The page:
Thursday, April 9, 2009

March's Quilt History Group

Here is my nephew Ben with one of his Eye Spy quilts I made him.

Can you spot the tiny tomato on this plant yet? I took this picture about two weeks ago and already there are more out there...shouldn't be too long before they are turning red!




I enjoyed my Quilt History group again as usual...I had plans to type up my notes and info from the class so that I would have a record of my learning and others who may be interested could read it too but I have been SO busy that I am just getting to it now. I finished up my online class on the Arizona Constitution tonight--yay! I don't even need it anymore since I was one of the zillion teachers laid off in Arizona last Friday, but I paid for it so I finished it anyway.

We talked about Mountain Mist at our Quilt History meeting and I learned alot. Alot of the information our speaker gave us was from "The Origin of Mountain Mist Patterns" published in Uncoverings in 1995 by Merikay Waldvogel and from her own personal tour of the Mountain Mist collection when it was displayed in Columbus Ohio on October 2008.

Stearns and Foster was founded in 1846 because of the need for cotton batting that wouldn't tear or stretch. They built a mill in Cincinnati, Ohio where they had other poducts such as air filters, mattresses, horse leg wraps, medical supplies, quilted robes and upholstered furniture. They sold cotton batting in bulk as 50 pound bales and kept it in boxes to maintain the loft. They banded the rolls of batting with plain dark-blue tissue paper wrappers and retailers could put their information on them. In the 1920's there were eighteen names for this same cotton batting. They advertised "100 percent new cotton fiber with no second-hand material with a glazene finish to make it easy to cut and quilt" the glazene was apparently a water and flour mixture!


There were big changes in 1928 when the company bought Putnam-Hooker Co. which specialized in southern cotton products. Frederick Hooker took over the batting marketing for them. He made the outer wrapper colorful with 16 different quilt blocks and included a full size quilt block pattern on the inside of the wrapper to encourage sales. This was a huge marketing success. Some of the patterns in the wrapper were original designs by art teacher Margaret Hays of Chattanooga, Tennessee (though some say her sister helped or did them entirely). Others were updated version from old quilts, or name changes of well known patterns. The designs simplified over time perhaps as they got feedback from quilters about the difficulty of some of the patterns. (These ladies didn't have rotary cutters folks!)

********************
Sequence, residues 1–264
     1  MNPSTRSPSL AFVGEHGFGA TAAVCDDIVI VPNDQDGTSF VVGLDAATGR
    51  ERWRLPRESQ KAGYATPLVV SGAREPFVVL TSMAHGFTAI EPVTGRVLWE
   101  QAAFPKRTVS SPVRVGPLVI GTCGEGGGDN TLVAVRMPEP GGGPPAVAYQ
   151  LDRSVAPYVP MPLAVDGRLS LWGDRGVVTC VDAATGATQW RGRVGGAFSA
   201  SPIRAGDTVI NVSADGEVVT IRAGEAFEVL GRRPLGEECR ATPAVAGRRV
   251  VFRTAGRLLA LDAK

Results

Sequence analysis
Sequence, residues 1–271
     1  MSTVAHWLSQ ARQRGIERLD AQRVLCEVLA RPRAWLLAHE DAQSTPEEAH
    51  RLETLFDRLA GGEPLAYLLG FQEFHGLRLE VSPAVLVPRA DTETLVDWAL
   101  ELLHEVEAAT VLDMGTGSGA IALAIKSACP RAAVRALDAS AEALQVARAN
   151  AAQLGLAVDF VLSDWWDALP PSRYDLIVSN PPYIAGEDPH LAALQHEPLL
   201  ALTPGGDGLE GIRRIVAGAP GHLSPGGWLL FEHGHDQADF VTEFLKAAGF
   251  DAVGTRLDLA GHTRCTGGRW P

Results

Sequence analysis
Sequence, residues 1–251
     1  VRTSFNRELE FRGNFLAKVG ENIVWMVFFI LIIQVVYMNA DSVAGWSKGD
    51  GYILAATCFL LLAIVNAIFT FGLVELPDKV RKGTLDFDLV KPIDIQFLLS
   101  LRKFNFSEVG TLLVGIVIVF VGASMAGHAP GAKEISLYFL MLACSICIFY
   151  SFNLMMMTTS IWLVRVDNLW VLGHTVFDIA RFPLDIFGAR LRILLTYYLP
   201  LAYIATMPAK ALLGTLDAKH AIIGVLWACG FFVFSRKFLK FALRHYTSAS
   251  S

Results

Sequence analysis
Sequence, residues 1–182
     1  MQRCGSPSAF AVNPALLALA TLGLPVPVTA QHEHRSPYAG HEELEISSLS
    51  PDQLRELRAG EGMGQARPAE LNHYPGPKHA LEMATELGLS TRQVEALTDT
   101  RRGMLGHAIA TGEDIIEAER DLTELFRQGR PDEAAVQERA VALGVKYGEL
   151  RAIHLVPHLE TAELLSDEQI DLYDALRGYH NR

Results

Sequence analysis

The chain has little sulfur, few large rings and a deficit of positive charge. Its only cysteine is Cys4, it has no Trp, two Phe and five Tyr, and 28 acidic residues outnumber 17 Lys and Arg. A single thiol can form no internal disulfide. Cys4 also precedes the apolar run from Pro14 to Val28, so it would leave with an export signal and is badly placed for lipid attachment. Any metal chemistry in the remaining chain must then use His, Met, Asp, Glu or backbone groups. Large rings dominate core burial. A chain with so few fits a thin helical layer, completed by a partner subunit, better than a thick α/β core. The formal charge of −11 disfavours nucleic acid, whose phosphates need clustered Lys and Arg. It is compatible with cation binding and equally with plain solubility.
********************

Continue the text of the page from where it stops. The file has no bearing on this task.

The original printing dies for some of these patterns were on display at the M.M show and are really neat to see. I have a picture but couldn't find any online to put here. The dies were labled with letters for each wrapper and when one was retired it was often replaced with a different pattern. Pattern C--the Shamrock was published in 1928 but was difficult and was discontinued and isn't listed with their patterns available for sale.

There were a total of 130 patterns available and while they were not the first pattern incentive that went along with batting (in 1919 Rock River Cotton Company out of Janesville, Wisconsin included a pattern with their batting) it was quite successful. They also hired a woman for to be Phoebe Edwards Lloyd who answered quilters questions and got fan mail. Three gals and even Hooker took turns at being Phoebe though the original had used part of her grandmother's name for eight years before turning it over. Hooker stayed with the company until 1956 (27 years) and people remember him as a fabulous, smiling, hardworking man.
So that is a bit of the history we talked about...there was much more but you get the idea. If you are still with me at this point (thanks!) we got two or three more bluework blocks to do (I still had one to go from last time since the skin on my thumb wore off and I tried to remedy it with little plastic cots which made it worse!) and we got one simple block to sew that I plan to get to tomorrow along with a zillion other odds and ends.
I am going to quilt camp next weekend so I brainstormed a list of things I need to get together for that...lots of prepping stuff. I think I am overly ambitious about what I can get done in 2.5 days! More on that tomorrow I am sure.
I also went to a tablerunner of the month class at another shop in town. Barb is the teacher and I was the only student this month. She is FABULOUS! Seriously I learned a ton and the price was right so thank you to the gal that sent me to this shop for classes. She taught me how to do applique on my machine and it looks SO MUCH better than the stuff I have done on my own. Pics on that tomorrow too. I have to finish it but getting there!

2 comments:

Miss 376 said...

So glad you found a class that you enjoyed, it makes all the difference. Your tomatoes are coming on a treat

scraphappy said...

So sorry to hear that you were laid off. I hope that they will end up rehiring most of y'all again. I don't know what they are planning to do without teachers next year! I'm imagining the class sizes we might all be facing.
Thanks for the history of Mountain Mist. I've noticed the patterns on the bag, and it's nice to know the history of it.